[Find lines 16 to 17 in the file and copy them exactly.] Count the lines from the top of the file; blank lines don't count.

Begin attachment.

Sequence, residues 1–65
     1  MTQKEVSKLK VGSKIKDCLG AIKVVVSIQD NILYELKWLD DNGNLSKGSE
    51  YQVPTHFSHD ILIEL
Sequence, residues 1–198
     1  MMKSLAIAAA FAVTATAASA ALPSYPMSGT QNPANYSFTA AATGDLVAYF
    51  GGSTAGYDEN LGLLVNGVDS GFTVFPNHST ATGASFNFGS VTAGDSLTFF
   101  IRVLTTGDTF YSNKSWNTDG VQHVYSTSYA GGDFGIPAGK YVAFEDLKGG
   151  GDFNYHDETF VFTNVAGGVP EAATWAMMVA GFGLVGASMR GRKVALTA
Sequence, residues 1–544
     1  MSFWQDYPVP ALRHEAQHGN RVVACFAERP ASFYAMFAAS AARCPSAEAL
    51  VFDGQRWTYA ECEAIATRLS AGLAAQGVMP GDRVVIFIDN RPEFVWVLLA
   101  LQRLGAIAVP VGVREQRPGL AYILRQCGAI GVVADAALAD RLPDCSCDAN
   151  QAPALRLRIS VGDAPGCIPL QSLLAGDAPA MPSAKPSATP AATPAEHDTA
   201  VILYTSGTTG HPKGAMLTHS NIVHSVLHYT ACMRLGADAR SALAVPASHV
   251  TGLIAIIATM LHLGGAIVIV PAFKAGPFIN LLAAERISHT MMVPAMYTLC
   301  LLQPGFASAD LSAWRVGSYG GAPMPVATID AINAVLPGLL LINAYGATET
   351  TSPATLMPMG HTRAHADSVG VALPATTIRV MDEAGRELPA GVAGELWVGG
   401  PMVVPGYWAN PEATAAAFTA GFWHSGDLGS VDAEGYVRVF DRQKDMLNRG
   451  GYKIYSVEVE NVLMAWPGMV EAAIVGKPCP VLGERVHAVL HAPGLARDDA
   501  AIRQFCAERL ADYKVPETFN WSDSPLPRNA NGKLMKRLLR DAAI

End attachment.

   301  LLQPGFASAD LSAWRVGSYG GAPMPVATID AINAVLPGLL LINAYGATET
   351  TSPATLMPMG HTRAHADSVG VALPATTIRV MDEAGRELPA GVAGELWVGG